Press On highlights key principles throughout the text and provides cross-topic linkages between chapters and suggestions for further reading. Additional material, including all the program code used in the book, is available on an interactive web site. Press On is an essential textbook and reference for computer science students, programmers, and anyone interested in the design of interactive technologies.

Activity Theory and Interaction Design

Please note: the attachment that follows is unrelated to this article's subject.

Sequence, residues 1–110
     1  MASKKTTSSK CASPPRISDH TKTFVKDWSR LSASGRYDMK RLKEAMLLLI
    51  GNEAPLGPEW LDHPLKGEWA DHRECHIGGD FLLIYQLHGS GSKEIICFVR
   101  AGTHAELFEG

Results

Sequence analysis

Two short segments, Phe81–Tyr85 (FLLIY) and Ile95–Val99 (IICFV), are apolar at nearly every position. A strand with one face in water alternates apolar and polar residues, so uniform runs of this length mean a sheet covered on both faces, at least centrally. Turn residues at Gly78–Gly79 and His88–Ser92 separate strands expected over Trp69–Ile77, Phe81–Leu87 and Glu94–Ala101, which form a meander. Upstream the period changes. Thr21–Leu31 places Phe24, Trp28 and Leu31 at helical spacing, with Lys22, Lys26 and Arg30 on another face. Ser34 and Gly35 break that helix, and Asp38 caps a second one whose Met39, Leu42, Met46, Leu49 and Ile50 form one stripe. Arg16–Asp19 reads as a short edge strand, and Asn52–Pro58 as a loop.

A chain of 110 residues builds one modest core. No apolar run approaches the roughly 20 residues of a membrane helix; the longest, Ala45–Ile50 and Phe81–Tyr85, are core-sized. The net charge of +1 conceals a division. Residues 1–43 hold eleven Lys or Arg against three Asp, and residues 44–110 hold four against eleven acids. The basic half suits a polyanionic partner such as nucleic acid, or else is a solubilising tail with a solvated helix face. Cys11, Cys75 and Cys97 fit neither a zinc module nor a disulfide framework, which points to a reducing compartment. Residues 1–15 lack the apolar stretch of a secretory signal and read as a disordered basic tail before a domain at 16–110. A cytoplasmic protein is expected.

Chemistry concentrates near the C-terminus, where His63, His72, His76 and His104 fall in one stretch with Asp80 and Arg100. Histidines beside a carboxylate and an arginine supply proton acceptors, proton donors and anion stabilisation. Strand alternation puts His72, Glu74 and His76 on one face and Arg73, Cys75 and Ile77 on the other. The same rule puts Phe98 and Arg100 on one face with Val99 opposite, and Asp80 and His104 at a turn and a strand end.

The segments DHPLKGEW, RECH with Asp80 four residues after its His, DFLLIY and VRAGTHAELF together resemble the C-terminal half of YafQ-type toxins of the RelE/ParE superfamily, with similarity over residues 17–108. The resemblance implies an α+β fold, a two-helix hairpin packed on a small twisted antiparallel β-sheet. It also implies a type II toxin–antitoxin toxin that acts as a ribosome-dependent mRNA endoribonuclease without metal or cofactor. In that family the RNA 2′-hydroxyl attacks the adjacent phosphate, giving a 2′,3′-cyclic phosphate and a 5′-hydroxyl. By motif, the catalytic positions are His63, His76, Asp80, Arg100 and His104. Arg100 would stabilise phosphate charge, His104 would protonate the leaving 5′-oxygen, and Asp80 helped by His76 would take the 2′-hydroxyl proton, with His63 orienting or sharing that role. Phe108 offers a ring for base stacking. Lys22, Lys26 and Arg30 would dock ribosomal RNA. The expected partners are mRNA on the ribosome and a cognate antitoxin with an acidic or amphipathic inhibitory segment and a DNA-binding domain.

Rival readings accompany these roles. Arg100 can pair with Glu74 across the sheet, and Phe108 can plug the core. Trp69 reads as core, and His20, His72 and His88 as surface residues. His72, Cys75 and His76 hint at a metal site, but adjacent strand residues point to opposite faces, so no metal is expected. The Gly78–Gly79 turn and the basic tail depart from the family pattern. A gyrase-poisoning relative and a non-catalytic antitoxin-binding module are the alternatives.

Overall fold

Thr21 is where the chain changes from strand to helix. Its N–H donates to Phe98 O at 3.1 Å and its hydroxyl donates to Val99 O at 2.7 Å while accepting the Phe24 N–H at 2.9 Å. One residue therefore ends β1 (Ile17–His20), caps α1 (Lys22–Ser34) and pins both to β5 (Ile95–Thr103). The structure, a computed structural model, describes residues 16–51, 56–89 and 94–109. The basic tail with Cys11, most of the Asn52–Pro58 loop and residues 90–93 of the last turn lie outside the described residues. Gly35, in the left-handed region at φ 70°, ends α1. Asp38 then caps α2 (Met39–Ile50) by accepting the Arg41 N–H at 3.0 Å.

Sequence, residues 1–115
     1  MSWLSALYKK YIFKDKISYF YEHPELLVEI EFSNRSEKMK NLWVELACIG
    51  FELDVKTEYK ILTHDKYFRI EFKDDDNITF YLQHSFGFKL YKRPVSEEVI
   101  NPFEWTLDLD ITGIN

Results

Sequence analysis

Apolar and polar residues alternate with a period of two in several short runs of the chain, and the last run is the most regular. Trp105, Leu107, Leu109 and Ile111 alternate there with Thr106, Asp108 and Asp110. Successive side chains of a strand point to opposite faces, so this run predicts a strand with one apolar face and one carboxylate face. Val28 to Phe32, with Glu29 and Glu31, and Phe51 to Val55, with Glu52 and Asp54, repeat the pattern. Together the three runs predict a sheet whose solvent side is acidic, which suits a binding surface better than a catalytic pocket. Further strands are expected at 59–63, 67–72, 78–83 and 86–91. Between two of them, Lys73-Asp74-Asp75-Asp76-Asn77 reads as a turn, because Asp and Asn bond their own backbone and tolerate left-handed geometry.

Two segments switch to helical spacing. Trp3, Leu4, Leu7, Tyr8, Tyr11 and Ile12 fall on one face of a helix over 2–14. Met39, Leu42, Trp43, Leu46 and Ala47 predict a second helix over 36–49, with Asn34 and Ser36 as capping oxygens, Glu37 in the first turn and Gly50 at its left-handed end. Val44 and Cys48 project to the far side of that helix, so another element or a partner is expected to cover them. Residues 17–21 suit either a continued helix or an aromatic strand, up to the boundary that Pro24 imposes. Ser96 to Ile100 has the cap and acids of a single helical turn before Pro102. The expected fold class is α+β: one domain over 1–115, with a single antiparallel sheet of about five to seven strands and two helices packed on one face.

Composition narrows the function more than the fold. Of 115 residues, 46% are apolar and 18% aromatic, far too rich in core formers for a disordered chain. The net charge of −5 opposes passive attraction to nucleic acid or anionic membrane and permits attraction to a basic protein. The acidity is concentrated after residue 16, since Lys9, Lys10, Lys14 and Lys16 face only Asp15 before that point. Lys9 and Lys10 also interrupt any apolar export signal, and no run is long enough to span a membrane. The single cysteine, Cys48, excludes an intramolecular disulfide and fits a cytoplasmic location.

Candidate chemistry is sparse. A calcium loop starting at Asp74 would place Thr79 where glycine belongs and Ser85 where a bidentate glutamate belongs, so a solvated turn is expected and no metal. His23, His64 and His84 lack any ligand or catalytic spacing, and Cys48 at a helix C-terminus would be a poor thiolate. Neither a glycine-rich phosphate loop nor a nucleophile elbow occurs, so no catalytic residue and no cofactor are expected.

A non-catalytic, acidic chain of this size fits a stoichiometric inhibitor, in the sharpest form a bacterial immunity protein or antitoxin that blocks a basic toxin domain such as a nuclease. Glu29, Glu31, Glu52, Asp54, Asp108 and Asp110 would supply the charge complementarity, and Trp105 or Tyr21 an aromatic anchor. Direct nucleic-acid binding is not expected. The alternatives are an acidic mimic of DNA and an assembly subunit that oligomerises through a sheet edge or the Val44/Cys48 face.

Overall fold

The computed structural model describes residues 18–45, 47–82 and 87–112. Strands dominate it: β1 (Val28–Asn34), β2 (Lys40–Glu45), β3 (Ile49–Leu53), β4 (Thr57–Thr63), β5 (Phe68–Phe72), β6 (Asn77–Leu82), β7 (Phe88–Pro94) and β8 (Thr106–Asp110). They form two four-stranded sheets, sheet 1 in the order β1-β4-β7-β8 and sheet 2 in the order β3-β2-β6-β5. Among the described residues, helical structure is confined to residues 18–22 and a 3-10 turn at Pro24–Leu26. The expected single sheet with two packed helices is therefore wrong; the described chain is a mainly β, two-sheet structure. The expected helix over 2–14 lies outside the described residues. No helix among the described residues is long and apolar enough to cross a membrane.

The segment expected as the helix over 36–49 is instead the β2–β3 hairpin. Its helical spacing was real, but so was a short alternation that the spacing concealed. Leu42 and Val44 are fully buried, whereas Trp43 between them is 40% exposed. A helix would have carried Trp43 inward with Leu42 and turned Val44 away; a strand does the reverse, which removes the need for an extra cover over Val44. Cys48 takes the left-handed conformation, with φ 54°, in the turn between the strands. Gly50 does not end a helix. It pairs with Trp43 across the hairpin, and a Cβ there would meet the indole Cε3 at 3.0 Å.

Activity theory holds that the human mind is the product of our interaction with people and artifacts in the context of everyday activity. Acting with Technology makes the case for activity theory as a basis for understanding our relationship with technology. Victor Kaptelinin and Bonnie Nardi describe activity theory's principles, history, relationship to other theoretical approaches, and application to the analysis and design of technologies. The book provides the first systematic entry-level introduction to the major principles of activity theory. It describes the accumulating body of work in interaction design informed by activity theory, drawing on work from an international community of scholars and designers. Kaptelinin and Nardi examine the notion of the object of activity, describe its use in an empirical study, and discuss key debates in the development of activity theory. Finally, they outline current and future issues in activity theory, providing a comparative analysis of the theory and its leading theoretical competitors within interaction design: distributed cognition, actor-network theory, and phenomenologically inspired approaches.